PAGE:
Market Alert: Vietnam Renewable PPA Pilot Moves Forward

July 29, 2020

Hundreds of multinational companies have made public commitments to renewable energy and carbon reduction. From the RE100 to the Science-Based Targets initiative, the number of corporations around the world committing to driving renewable energy generation grows every day. It should come as no surprise that demand for renewable energy is emerging in essentially every country around the world. Vietnam has joined the growing group of countries seeking to both serve the needs of its corporate stakeholders and accelerate renewable energy adoption in the market.

In 2017, Vietnam announced the development of a new pilot program that would allow commercial and industrial organizations to access renewable energy in the form of a direct power purchase agreement (PPA). This summer, Prime Minister Nguyen Xuan Phuc reportedly asked for draft rules for implementation of this long-awaited PPA program. The renewable energy market is eagerly awaiting the pilot, which does not have an official target start date but will require companies to act quickly.

To better understand the market opportunity, the risks and benefits at stake and to guide interested companies as they explore this market, we spoke with Schneider Electric experts, Megan Jones, Senior Market Analyst, and Valerie Choy, East Asia Solutions Manager.

Megan Jones specializes in emerging markets around the world, primarily focused on Asia Pacific, Africa and Central America. She has performed market assessments on the behalf of Fortune 500 companies in over twenty different countries. Megan has a master’s degree in Business Administration from Bellarmine University and a bachelor’s degree in Economics as well as Foreign Languages/International Studies from Bellarmine.

Valerie Choy leads business development efforts for Schneider Electric’s Supply, Sustainability and Cleantech services in Southeast Asia. She is well-versed in PPA best practice requirements, having reviewed numerous PPAs for projects in Singapore, Malaysia and China. Valerie has a master’s degree in Business Administration from INSEAD and a bachelor’s degree in Chemical Engineering from the National University of Singapore.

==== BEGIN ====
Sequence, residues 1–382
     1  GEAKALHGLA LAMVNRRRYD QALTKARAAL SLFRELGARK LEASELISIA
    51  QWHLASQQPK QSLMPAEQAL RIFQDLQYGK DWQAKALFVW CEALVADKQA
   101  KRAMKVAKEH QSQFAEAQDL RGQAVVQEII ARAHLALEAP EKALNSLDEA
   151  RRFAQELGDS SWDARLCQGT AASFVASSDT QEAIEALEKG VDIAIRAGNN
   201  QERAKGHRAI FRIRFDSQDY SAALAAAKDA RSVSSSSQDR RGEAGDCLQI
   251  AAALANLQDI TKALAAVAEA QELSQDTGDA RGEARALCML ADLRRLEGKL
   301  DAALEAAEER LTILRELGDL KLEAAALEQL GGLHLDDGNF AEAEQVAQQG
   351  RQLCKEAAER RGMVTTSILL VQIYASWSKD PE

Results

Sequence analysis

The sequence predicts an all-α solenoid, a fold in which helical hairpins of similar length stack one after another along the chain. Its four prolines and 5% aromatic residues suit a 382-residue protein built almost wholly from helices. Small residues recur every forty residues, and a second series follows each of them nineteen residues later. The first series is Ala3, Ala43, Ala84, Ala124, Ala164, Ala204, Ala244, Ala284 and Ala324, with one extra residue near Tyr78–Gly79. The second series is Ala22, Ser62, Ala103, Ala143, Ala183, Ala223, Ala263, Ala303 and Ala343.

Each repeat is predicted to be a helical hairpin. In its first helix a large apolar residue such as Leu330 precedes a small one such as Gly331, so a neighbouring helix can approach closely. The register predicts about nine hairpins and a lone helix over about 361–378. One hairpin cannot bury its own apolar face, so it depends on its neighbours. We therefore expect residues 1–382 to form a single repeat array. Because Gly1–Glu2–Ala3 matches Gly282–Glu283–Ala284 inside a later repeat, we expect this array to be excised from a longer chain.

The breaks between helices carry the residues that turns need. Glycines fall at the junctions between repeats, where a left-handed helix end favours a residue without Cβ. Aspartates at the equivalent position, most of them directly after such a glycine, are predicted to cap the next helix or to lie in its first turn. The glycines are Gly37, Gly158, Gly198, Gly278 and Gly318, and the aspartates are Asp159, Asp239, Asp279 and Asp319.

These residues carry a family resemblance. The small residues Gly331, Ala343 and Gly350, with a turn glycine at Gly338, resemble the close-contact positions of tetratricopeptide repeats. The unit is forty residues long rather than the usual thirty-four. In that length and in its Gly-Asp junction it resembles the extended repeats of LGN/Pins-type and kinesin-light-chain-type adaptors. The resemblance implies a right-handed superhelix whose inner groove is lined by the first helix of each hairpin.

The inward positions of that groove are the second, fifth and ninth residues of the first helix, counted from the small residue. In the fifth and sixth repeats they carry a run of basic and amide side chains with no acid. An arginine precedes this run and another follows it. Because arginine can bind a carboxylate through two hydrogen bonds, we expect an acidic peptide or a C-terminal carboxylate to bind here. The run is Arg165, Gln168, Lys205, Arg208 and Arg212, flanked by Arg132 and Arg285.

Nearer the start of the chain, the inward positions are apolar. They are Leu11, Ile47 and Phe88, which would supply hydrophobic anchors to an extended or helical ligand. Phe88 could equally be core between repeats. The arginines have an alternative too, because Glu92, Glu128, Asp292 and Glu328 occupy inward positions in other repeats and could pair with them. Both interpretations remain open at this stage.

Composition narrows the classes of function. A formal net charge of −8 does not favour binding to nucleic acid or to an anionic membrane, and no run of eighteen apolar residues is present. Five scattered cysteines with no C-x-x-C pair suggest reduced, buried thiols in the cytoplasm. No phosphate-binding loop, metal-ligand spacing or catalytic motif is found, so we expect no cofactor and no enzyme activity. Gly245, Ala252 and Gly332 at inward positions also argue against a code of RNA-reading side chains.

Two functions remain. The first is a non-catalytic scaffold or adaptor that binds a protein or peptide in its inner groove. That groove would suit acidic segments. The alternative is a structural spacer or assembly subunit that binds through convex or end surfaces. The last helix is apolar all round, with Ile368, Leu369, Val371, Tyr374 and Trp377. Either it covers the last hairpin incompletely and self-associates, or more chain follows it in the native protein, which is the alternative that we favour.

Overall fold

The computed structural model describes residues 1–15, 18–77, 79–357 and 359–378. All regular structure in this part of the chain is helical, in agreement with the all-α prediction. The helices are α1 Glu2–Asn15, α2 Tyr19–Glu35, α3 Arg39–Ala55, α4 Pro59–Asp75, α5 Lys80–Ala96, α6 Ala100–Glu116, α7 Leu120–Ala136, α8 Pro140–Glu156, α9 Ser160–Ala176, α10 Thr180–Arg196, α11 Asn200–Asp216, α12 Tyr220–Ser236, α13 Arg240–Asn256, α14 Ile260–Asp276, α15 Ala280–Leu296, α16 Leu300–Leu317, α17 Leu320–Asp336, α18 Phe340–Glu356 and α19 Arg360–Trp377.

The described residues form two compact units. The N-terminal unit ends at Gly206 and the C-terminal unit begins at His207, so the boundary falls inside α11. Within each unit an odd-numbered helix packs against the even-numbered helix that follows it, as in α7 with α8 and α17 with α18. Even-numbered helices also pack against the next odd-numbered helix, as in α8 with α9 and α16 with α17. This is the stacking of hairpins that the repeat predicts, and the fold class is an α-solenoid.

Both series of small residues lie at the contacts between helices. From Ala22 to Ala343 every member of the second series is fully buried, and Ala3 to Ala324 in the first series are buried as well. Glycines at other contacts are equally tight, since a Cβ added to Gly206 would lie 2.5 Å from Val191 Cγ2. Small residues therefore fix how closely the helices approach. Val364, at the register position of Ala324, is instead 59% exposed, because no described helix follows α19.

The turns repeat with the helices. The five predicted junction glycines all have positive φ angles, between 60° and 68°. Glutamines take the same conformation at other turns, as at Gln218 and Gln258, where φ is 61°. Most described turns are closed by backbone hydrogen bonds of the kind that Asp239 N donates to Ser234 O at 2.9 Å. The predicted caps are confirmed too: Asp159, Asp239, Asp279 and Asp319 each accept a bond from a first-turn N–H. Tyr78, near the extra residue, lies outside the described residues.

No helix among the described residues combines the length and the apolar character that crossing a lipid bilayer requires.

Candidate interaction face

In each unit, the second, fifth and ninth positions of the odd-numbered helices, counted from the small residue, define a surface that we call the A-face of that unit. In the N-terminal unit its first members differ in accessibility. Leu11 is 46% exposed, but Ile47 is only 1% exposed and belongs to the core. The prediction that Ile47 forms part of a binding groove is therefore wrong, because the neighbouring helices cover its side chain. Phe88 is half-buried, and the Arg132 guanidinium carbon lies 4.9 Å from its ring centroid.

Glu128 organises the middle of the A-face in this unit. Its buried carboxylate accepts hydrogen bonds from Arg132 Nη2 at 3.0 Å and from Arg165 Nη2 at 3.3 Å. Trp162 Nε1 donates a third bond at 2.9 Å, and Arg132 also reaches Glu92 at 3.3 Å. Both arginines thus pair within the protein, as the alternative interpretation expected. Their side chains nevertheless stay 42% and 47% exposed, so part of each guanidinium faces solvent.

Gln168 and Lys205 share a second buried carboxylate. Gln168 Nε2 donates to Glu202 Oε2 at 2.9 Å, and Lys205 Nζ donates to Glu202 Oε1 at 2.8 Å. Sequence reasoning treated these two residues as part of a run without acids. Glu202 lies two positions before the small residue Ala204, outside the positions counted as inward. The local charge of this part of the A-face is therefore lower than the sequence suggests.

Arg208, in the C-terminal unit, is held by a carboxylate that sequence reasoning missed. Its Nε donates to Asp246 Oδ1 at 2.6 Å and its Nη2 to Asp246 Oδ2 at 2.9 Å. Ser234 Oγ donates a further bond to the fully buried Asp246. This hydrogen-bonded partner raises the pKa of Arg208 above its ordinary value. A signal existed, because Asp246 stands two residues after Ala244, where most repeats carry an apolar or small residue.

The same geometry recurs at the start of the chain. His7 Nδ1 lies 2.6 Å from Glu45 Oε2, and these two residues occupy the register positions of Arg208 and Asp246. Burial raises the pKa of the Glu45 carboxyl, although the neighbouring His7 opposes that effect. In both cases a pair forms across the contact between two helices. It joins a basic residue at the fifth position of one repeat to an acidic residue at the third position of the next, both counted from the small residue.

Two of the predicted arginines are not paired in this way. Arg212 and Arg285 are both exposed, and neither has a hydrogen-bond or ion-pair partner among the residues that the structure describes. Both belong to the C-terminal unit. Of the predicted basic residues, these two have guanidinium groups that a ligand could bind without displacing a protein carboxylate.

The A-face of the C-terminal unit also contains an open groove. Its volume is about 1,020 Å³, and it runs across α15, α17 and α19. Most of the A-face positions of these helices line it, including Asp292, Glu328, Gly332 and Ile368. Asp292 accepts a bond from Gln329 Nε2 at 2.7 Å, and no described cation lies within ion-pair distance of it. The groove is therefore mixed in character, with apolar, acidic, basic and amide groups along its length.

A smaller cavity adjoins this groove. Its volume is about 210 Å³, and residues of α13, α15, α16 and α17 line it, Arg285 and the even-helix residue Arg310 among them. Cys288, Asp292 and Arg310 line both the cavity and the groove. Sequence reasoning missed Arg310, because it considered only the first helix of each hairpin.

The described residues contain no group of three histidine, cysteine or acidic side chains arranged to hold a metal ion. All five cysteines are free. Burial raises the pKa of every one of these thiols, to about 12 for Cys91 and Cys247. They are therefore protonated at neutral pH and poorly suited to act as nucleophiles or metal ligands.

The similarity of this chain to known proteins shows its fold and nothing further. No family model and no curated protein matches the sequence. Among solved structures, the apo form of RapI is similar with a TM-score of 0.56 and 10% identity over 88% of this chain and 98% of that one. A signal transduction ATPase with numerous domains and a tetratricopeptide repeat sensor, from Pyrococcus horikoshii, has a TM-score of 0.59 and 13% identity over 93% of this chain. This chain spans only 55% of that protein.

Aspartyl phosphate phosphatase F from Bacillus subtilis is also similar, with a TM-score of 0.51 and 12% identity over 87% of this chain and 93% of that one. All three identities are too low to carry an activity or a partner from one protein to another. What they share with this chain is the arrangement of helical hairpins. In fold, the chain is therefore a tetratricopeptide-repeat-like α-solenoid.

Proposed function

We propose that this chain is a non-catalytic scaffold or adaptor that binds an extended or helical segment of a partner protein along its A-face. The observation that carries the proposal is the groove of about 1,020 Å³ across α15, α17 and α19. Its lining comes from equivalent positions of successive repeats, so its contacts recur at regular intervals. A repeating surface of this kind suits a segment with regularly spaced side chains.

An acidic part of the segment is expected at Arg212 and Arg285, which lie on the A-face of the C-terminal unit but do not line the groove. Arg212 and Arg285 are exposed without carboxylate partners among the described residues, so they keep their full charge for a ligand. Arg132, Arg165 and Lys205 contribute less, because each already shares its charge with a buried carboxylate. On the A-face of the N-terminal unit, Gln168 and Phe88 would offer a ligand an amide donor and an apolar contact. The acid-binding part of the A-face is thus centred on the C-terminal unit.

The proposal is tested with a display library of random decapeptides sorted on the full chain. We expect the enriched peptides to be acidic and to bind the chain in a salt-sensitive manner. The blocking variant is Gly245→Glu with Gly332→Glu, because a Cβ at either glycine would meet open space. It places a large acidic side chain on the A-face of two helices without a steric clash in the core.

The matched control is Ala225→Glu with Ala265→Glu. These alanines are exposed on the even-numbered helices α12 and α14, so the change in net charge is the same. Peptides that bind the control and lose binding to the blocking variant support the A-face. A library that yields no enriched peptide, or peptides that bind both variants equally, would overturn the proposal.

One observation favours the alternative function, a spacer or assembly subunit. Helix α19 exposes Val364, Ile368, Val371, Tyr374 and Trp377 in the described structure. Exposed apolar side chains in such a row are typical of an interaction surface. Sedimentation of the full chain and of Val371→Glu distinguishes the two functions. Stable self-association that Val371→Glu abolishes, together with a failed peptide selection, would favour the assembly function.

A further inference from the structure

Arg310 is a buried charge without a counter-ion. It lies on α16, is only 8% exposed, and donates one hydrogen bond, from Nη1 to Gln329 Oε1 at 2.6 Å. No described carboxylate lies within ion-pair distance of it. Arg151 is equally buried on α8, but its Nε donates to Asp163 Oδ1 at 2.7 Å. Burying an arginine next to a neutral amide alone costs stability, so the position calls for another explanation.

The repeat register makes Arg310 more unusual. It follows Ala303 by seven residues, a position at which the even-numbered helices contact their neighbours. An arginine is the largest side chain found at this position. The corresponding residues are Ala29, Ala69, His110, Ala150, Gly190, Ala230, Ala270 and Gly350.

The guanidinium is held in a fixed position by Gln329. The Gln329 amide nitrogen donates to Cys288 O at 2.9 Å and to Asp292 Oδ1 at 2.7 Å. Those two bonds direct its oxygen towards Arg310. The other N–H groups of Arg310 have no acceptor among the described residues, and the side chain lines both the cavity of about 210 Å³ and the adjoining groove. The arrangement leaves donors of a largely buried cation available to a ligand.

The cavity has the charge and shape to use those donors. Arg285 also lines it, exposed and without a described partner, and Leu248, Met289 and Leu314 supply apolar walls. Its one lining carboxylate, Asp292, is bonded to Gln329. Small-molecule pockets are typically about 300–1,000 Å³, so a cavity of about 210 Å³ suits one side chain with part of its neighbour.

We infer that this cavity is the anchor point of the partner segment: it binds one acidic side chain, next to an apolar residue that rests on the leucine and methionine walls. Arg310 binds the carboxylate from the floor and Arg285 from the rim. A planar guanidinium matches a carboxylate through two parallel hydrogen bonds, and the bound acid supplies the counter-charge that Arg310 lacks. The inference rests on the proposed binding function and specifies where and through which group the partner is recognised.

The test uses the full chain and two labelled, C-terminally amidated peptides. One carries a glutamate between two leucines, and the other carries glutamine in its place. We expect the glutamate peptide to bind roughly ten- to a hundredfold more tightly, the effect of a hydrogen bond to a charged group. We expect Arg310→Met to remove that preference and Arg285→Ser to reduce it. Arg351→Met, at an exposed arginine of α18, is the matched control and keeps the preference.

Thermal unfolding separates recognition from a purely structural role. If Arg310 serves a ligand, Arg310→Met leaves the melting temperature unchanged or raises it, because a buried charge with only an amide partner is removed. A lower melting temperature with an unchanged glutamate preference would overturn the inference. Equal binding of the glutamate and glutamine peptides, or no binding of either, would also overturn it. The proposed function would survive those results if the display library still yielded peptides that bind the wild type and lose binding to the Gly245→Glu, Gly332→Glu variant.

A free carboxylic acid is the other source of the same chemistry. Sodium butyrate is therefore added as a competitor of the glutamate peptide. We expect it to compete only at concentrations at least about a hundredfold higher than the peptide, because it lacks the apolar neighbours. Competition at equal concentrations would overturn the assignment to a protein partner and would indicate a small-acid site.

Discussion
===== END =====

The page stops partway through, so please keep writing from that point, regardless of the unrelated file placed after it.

What are the benefits of the Vietnam PPA program for corporates with load in the country?

The pilot program is a first-of-its-kind in Vietnam, which would expand the options for companies who are looking to procure renewable power to reach their goals in the country. Until now, purchasing energy attribute certificates (EACs), installing onsite solar and direct project investment were the only avenues to green power procurement in Vietnam. The new PPA model would, in theory, be a win-win for companies and the country.

For companies, it will increase competition in the wholesale energy market and be a direct avenue to satisfying renewable procurement targets in a historically restricted market. The PPA pilot would also allow companies with electricity load in Vietnam to procure renewable energy at scale directly from generators of wind and solar power and could potentially lend the traditional economic benefits of a PPA, but the risks of the program warrant discussion. For the Vietnamese government, it will be an additional avenue to increase their share of renewable generation and address a near-term supply shortage.

Organizations that participate in the pilot program will benefit from staking claim as market leaders and establishing this nascent PPA market. We recommend interested companies act quickly to secure the limited capacity being offered.

How did this opportunity come about?

Multinational organizations put pressure on the Vietnamese government and demanded more renewable energy options. Like in other newly emerging PPA markets, the influx of companies and their local suppliers seeking renewable options is transforming Vietnam’s energy mix. Although energy market deregulation in Vietnam was already underway, this corporate pressure is directly shaping the programs that become available. We’ve seen a similar trend of corporates successfully driving the development of renewable PPA programs in other markets, such as Australia, USA and Spain. However, the resulting PPA pilot in Vietnam is not without its risks.

You mentioned risks. Tell us more.